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Many Hollywood CEOs saw their paydays increase in 2021, but a few — Endeavor mogul Ari Emanuel, Warner Bros. Discovery CEO David Zaslav and Amazon chief Andy Jassy — ended up in rarefied air by joining the nine-figure club.
“Nine-figure CEO compensation is unusual, even in 2021, when median total compensation increased by 31 percent,” notes Nathan Grantz, research specialist at corporate leadership data firm Equilar.
Special circumstances contributed to each of these cases. Zaslav oversaw the recently closed merger that created Warner Bros. Discovery and last year was awarded options valued at $202.9 million — with $246.6 million in total pay — thanks to a new employment agreement that keeps him in charge of the combined company.
Emanuel received $293.7 million in stock awards as Endeavor went public last April as part of a $308.2 million package. The agency boss “fits into a broader trend of large equity awards around IPOs (e.g. Airbnb, Eventbrite), though they are not often as large as these,” Grantz points out.
Jassy saw nearly all of his $212.7 million pay package arrive via a stock grant tied to his elevation to CEO in July. The Amazon chief is “an interesting case, since while I’m sure Amazon’s media branch is doing well, they consider themselves a technology company and benchmark against other technology companies where mid-eight-figure compensation is more common,” Grantz says. “Furthermore, he only became CEO in the last year, and received a substantial award to go with that promotion.”
Zaslav got big options awards from the Discovery board long before the merger with AT&T’s entertainment assets. “He has also been in the nine-figure club before, [earning $129.4 million] in 2018, after he oversaw the acquisition of the Scripps Networks and changed the company from Discovery Communications to Discovery Inc.,” Grantz notes. “Their say on pay vote in 2020 [they vote every three years] passed with 61 percent of the vote, so there may be some pushback on this practice,” he surmises, though shareholder votes are only advisory, not binding.
Nearly all entertainment executives on The Hollywood Reporter’s annual chart again came in above the median $20 million pay seen in the annual Equilar 100 study, which looks at compensation disclosures from companies across all sectors. Observers are not surprised. “Pay in other sectors is generally lower,” Hal Vogel, CEO of Vogel Capital Management and a former Wall Street analyst, says of media-telecom sector exec pay. “But the top hedge and private equity fund leaders make much more in a good year. They also risk easily having a really bad year. Seems that in media and entertainment, this rarely happens. The media CEOs often just risk taking a relatively modest 10 percent or 20 percent cut.”
The only top exec on the list taking a double-digit cut (49 percent) and hitting the Equilar 100 study’s exact median pay is Paramount Global CEO Bob Bakish, who received $20 million in 2021, after earning $38.9 million in 2020. But adjusting for stock awards pulled forward into 2020, his pay was little changed, the company says.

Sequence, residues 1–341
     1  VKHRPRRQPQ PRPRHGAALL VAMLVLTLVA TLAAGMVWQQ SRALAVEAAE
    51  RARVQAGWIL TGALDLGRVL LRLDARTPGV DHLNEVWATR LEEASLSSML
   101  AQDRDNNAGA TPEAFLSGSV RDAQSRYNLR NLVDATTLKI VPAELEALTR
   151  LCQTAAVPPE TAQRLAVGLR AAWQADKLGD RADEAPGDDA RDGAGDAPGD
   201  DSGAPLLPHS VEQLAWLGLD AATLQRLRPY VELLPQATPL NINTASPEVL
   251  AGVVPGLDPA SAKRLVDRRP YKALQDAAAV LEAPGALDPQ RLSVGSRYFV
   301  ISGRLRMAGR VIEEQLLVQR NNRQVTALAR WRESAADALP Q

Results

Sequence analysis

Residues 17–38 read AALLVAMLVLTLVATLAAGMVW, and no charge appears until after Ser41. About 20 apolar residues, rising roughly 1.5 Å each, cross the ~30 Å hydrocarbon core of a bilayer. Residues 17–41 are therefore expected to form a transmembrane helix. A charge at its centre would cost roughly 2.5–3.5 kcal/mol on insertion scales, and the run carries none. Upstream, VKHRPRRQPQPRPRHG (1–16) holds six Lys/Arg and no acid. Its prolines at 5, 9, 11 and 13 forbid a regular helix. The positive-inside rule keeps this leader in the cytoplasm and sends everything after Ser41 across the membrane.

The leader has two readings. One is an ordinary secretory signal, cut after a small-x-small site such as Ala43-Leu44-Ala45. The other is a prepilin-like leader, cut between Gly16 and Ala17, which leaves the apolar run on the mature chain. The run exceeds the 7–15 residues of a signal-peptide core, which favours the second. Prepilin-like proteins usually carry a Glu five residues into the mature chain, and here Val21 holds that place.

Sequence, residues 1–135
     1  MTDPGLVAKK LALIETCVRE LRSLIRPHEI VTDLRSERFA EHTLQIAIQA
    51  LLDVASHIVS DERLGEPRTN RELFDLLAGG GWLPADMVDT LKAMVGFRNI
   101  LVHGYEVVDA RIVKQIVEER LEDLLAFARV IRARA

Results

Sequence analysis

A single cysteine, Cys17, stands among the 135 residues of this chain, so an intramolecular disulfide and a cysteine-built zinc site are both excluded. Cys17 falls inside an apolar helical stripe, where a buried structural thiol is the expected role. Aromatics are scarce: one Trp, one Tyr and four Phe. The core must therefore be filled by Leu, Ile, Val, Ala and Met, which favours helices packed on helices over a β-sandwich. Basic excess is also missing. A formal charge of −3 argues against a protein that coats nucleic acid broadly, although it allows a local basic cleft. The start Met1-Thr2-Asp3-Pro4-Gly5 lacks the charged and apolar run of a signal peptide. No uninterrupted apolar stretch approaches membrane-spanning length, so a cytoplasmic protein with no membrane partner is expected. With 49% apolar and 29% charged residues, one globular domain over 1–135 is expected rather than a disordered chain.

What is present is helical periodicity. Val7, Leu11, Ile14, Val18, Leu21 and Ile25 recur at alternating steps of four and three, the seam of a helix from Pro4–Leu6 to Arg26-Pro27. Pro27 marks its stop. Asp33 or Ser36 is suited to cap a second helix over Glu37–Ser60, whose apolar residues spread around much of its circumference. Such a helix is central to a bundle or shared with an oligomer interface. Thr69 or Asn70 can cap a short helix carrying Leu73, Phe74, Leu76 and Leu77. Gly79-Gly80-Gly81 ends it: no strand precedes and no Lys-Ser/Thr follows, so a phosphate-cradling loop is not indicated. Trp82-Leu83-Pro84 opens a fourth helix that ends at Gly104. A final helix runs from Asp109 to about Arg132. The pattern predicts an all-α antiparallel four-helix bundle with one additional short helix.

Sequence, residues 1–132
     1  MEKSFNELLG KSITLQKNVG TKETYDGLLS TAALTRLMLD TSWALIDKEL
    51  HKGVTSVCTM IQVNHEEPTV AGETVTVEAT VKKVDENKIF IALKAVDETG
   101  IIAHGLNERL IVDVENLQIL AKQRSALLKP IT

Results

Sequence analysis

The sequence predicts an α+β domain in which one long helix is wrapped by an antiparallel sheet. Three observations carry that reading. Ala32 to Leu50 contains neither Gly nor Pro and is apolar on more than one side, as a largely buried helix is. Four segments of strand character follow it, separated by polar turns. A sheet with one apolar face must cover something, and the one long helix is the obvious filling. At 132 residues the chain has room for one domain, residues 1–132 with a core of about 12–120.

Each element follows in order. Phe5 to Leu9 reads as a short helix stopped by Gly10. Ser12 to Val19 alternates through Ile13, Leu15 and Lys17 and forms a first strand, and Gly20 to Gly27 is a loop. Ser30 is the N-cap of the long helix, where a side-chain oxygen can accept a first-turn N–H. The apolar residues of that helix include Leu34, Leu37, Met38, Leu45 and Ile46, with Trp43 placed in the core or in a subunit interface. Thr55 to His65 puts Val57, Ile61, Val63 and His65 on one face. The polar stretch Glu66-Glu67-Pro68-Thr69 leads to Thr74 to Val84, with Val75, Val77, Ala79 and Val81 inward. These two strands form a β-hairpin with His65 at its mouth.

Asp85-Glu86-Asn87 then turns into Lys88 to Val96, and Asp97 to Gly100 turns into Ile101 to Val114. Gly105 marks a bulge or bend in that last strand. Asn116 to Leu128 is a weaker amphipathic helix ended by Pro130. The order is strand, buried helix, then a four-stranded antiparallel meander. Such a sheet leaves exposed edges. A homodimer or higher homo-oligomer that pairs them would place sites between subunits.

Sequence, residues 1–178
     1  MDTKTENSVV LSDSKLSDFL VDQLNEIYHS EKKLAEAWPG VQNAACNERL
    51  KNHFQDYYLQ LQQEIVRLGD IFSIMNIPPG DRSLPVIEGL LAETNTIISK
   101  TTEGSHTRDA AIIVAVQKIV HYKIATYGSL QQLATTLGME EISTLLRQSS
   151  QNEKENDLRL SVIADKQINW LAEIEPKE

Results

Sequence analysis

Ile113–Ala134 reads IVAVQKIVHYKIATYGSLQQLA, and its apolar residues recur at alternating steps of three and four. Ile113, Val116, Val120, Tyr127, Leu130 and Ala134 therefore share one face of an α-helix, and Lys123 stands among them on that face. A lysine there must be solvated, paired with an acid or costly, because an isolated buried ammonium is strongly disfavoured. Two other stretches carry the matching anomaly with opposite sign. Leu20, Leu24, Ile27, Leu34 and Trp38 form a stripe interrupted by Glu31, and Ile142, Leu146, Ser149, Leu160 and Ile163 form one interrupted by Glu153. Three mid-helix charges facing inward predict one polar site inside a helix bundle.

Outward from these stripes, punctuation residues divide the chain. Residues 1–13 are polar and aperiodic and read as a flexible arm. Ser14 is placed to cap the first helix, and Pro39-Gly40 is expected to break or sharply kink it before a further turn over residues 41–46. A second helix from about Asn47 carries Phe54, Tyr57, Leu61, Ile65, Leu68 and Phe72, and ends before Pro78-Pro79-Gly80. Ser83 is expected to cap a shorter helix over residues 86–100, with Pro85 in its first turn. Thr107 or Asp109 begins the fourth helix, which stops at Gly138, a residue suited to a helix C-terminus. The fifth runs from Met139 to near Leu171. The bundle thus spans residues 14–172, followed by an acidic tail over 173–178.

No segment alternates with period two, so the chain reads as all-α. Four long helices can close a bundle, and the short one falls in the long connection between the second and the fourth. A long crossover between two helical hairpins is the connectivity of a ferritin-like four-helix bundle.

In contrast, the paydays of Disney’s bosses more than doubled. In the fiscal year ended in October, before his exit from the conglomerate at the end of 2021, Bob Iger’s compensation package trumped pay for Netflix co-CEOs Reed Hastings and Ted Sarandos for the calendar year. And Bob Chapek, in his first full fiscal year as CEO, crossed the $30 million mark.
One notable year-to-year change: Former WarnerMedia CEO Jason Kilar, whose $52.2 million pay package in 2020 topped the scorecard, is out. Why? Kilar was the highest-paid media executive in 2020. But in 2021, AT&T opted not to include him at all in its proxy statement, despite the fact that he was still a senior executive at the company when it was filed.
So what happened? AT&T never mentioned Kilar by name in its proxy, but reading between the lines, the picture becomes clear. Kilar’s compensation package appeared to be a source of contention between the company and some key institutional investors. And its structure was such that much of his pay was front-loaded (at least for accounting purposes), giving AT&T an excuse to leave him off the proxy this year.
In the filing, AT&T noted that “one-time grants were made in 2020 in connection with business and leadership transitions in order to recruit and retain talent, but only after the Committee determined that such grants were necessary given the competitive market for the qualified executive talent needed and essential to transforming the company.”
Kilar is the only executive to fit that bill. The executive (who had a salary of $2.5 million and a target cash bonus of $2.5 million, per a copy of his offer letter) received a huge tranche of AT&T stock valued at $48 million, and it would vest based on time served, rather than on performance. Other AT&T executives received stock based on performance. After meeting with shareholders, the company wrote that “one-time grants should not be common practice and should only be used in rare circumstances.”
At the same time, AT&T wrote in the proxy that the company included the pay for the CEO, John Stankey, the CFO, Pascal Desroches (and their predecessors who worked for part of the year), “and the other three most highly compensated Executive Officers.”
That extra line meant that AT&T could leave out any executive earning less than $7.5 million, which was how much Lori Lee, the CEO of AT&T Latin America and the company’s global marketing officer, earned last year. With Kilar’s stock grant disclosed in last year’s proxy, his total pay in 2021 was likely around $5 million, give or take.
Alex Weprin contributed reporting.
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